Physics of Surfaces and Interfaces
Research at E20 aims at the fundamental understanding of interface phenomena and their control for the design of functional nanoarchitectures in reduced dimensions. We investigate and manipulate individual nano-objects and highly organized supramolecular systems.
Utilizing scanning probe microscopy tools we examine the interior of complex molecules and develop self-assembly protocols for nanotextured surfaces. With advanced spectroscopy techniques we study charge transfer and electronic reconfiguration processes at ultimate temporal resolution. These activities promote the development of novel bottom-up fabrication methodologies and the molecular-level engineering of materials with tailored properties.
85748 Garching b. München
+49 89 289 12608
Fax: +49 89 289 12338
Members of the Research Group
|Prof. Dr.||Johannes||Barth||PH II: 211||+49 89 289-12609|
|Viktoria||Blaschek||PH II: 213||+49 89 289-12608|
|Karl-Wolfgang||Eberle||PH II: 203||+49 89 289-12549|
|PD Dr.||Florian||Klappenberger||PH II: 202||–|
|Reinhold||Schneider||PH II: 233||+49 89 289-12817|
Course with Participations of Group Members
|Titel und Modulzuordnung|
Übung zu Grundlegende Konzepte der Experimentalphysik
Zuordnung zu Modulen:
Leitung/Koordination: Kienberger, R.
Übung zu Physik für Life-Science-Ingenieure 2
Zuordnung zu Modulen:
Leitung/Koordination: Iglev, H.
Offers for Theses in the Group
- Foldamers on solid surfaces: tethering, folding and assembly
Nanoscience can arrange minute molecular entities into nanometric patterns in an orderly manner using self-assembly protocols. For practical applications, it is desirable to support such self-assembled structures on surfaces. With this project we wish to expand the capabilities of self-assembled molecular layers by mimicking the ability of biomolecules, such as proteins, to fold into well-defined conformations.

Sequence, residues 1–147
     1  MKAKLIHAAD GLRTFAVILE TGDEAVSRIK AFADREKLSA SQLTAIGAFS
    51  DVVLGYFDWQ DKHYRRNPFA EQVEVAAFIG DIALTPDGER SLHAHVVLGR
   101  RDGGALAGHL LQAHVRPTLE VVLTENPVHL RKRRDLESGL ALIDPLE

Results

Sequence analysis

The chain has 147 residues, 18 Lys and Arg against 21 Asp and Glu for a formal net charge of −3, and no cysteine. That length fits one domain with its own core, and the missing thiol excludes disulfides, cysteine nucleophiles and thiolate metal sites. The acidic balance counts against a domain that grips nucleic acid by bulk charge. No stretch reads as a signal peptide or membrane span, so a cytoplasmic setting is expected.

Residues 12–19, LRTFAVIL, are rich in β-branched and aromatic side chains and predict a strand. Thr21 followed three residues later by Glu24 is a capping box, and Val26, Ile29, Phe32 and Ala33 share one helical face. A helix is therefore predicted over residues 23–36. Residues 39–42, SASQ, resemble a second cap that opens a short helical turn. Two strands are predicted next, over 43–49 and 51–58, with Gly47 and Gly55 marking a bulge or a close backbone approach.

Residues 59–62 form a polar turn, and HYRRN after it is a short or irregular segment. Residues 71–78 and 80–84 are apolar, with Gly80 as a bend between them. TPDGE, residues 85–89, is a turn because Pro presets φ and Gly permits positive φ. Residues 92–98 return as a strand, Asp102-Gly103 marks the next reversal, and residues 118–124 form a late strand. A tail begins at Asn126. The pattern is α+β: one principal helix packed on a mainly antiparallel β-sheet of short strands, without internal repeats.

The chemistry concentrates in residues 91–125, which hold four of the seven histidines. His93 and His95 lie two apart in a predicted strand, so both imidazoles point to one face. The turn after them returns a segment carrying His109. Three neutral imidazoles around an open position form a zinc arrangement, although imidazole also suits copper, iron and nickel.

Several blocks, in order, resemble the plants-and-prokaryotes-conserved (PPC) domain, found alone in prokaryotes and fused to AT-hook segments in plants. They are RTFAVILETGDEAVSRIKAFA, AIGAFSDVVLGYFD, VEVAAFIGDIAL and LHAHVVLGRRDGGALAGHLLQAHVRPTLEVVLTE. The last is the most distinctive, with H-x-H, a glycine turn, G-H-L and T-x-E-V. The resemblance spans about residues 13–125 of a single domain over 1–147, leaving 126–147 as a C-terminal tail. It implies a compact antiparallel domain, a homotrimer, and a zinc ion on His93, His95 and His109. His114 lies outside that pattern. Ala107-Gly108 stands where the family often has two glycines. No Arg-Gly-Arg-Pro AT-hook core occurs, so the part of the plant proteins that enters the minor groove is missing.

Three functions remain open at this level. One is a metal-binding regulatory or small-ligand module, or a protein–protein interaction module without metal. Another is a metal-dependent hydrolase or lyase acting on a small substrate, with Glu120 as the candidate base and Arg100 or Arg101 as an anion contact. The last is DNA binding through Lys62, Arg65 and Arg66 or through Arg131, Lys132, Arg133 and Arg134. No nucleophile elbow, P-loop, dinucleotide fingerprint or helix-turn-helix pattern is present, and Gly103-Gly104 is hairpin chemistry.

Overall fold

Therefore, we will investigate the on-surface self-assembly of a series of foldamers: synthetic molecular strands that fold into helices. For controlling the surface deposition in the solid/vacuum interface, we will employ a home-developed electrospray controlled ion beam deposition (ES-CIBD). Scanning tunnelling microscopy (STM) under ultra-high vacuum conditions will be used as a convenient tool to provide real-space information about the molecular adsorption, conformation and self-assembly. The conformation and assembly will be controlled by thermal processing and choice of solid support.
- suitable as
- Master’s Thesis Condensed Matter Physics
- Master’s Thesis Applied and Engineering Physics
- Supervisor: Johannes Barth